Neurological disorders are major threats to health
Tuesday 6 October 2018
Neurological disorders are now one of the biggest threats to your health
Professor Valery Feigin at Auckland University of Technology (AUT) says neurological disorders are one of the biggest threats to your health, despite being largely preventable.
The world-renowned neurologist says they are the leading cause of disability and second cause of death worldwide. One-in-three people now suffer from a neurological disorder. In the past 15 years, the proportion of people affected has increased significantly, from 20 percent to more than 30 percent.
“Unlike other health conditions, neurological disorders affect the most vital organ of the body – the brain. It doesn’t just impact our physical health, but our distinctive features as human beings – our personality, our memory, our ability to experience emotion – the things that make us who we are,” says Professor Feigin, Director of the National Institute for Stroke and Applied Neurosciences at AUT.
Neurological disorders are diseases or injuries to the central and peripheral nervous system – the brain, the spinal cord and the nerves that connect them.
The Global Burden of Disease (GBD) study shows that almost every second New Zealander suffers from a neurological disorder, including tension-type headaches (1.3 million), migraines (800,000), stroke (51,000), Alzheimer’s and other dementias (40,000), epilepsy (10,000), Parkinson’s disease (6,000), and multiple sclerosis (4,000).
Disability from neurological disorders can be devastating, placing enormous psychological, physical and financial pressure on patients, their families and society.
Professor Feigin says the risk of disability is higher among men, while women tend to suffer more from tension-type headaches, multiple sclerosis, Alzheimer’s and other dementias. The prevalence of disabling neurological disorders increases markedly with age.
Almost 140,000 healthy life years are lost annually due to death and disability from neurological disorders.
In New Zealand, one-in-five deaths are due to neurological disorders.
Almost 6,000 people die each year from – Alzheimer’s and other dementias (46.3 percent), stroke (44.6 percent), cancer of the brain and nervous system (5.1 percent), motor neuron disease (2.4 percent), epilepsy (0.9 percent) and multiple sclerosis (0.7 percent).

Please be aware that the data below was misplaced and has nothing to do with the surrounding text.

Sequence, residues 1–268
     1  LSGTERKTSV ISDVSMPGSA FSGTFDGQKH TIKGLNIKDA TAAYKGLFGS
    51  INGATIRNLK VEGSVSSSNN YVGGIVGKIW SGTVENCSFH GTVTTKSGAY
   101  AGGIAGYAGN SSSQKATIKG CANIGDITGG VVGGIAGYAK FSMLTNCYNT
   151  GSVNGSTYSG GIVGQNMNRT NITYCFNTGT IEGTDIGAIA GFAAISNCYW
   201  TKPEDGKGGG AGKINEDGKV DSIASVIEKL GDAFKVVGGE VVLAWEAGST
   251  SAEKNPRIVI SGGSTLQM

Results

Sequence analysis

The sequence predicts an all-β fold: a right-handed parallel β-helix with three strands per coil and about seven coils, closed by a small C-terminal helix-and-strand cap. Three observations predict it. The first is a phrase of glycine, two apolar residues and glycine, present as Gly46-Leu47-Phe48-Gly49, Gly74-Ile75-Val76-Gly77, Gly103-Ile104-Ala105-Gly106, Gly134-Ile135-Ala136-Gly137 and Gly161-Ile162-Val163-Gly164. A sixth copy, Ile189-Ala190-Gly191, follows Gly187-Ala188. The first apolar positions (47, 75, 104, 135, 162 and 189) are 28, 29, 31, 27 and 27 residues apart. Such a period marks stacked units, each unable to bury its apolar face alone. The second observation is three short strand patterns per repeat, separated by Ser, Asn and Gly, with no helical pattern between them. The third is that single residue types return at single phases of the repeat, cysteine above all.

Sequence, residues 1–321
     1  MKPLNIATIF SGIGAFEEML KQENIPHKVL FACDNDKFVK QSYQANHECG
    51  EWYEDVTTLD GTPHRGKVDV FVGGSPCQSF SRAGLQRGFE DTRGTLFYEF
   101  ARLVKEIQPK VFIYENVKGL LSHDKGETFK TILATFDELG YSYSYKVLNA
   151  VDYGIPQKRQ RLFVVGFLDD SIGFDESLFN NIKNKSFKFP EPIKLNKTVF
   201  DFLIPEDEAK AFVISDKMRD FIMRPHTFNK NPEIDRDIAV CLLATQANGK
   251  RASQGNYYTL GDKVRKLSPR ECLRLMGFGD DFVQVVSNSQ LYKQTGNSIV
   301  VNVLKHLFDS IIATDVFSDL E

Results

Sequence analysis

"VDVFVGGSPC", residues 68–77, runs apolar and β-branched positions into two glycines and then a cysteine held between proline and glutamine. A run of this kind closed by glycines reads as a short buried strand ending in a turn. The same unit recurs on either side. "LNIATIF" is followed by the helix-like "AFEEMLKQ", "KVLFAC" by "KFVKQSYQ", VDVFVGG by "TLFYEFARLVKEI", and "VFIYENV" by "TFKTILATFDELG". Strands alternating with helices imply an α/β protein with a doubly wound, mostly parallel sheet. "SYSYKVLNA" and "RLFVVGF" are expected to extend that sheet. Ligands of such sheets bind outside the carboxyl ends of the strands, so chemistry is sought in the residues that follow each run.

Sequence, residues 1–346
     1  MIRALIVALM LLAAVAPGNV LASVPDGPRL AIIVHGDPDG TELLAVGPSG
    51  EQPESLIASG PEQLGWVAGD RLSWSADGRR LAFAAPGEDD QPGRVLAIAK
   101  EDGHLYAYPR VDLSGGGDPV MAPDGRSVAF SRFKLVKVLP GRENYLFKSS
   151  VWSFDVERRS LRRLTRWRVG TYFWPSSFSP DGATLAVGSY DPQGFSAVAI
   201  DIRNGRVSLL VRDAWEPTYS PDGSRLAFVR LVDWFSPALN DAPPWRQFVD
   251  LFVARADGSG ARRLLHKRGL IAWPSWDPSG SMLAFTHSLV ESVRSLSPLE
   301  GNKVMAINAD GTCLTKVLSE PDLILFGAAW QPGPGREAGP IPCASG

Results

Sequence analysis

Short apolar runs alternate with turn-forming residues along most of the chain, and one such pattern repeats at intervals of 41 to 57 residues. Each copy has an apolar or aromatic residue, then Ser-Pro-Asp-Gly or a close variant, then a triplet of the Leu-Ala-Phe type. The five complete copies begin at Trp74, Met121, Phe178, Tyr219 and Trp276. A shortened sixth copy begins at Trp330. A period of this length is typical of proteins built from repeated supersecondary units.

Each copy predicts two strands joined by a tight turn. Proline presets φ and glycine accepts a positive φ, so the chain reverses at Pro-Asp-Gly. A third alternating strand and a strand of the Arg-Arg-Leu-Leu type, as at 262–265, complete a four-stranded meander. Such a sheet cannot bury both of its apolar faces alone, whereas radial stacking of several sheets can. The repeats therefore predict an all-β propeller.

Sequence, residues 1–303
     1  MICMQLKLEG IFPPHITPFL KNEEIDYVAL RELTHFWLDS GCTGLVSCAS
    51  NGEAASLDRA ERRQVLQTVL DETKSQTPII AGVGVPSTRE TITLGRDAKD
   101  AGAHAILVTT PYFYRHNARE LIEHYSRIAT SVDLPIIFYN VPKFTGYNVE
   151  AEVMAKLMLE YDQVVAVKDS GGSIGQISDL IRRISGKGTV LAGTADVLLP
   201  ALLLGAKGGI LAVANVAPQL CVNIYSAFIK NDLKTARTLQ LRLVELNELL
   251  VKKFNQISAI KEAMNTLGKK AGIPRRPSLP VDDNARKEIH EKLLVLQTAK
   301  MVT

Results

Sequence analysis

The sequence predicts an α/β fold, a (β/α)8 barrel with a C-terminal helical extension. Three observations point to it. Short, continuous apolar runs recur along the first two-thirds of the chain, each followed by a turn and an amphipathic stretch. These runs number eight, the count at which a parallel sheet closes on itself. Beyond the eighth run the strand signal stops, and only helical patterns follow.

Stroke is the most burdensome neurological disorder. Every year, around 9,000 New Zealanders suffer a stroke. The mortality rate is more than 20 percent. Together with heart disease and diabetes, it is one of the leading causes of death in New Zealand. There are more than 50,000 stroke survivors in New Zealand, many of them disabled and requiring significant support.
The risk of stroke among Māori and Pacific peoples is more than double that of Europeans. Their outcomes from stroke are also poorer.
However, many neurological disorders can be treated and prevented.
A stroke is the sudden interruption of blood flow to part of the brain, which causes it to stop working and eventually damages brain cells. It is often perceived as an unpredictable disorder that can happen to anyone. Yet, up to 90 percent of strokes could be prevented through the early detection and control of high blood pressure, and other risk factors.
“If you reduce the blood pressure of the population, you will see results immediately. It would also have a positive effect on countless other diseases. Hypertension, smoking, poor diet and lack of physical activity are common risk factors for all non-communicable diseases, including cancer,” says Professor Feigin.
To reduce your risk of stroke – monitor and control your blood pressure, get regular exercise, maintain a healthy diet, lower your salt intake, avoid alcohol and stop smoking.
For most people, normal blood pressure is 120/80 or lower and high blood pressure is 140/90 or over.
If you think you might have high blood pressure, get it checked.
NOTES TO THE EDITOR:
World’s leading minds will gather for Global Burden of Disease Brain Summit at AUT
International researchers, health professionals and policymakers will gather at Auckland University of Technology (AUT) for the Global Burden of Disease Brain Summit on November 27.
The one-day summit brings together the world’s leading minds and best available research on the global burden of neurological disorders, with those most committed to improving public health outcomes.
Professor Valery Feigin, Director of the National Institute for Stroke and Applied Neurosciences at AUT, says: “We need worldwide cooperation in the research, treatment and prevention of neurological disorders, which is grossly underfunded. Neurological care within the public health system needs to be strengthened, and effective primary prevention is essential to help curb this global health crisis”.
The Global Burden of Disease Brain Summit is a collaboration between AUT, The Lancet Neurology and the Global Burden of Disease (GBD) study which is coordinated by the Institute for Health Metrics and Evaluation (IHME) at the University of Washington.
The Lancet Neurology will release a special collection of articles on the global burden of neurological disorders before an international audience at the Global Burden of Disease Brain Summit.
For more information go to the website: aut.ac/AUTbrainsummit
The event will be live-streamed at aut.ac/AUTbrainsummitLIVE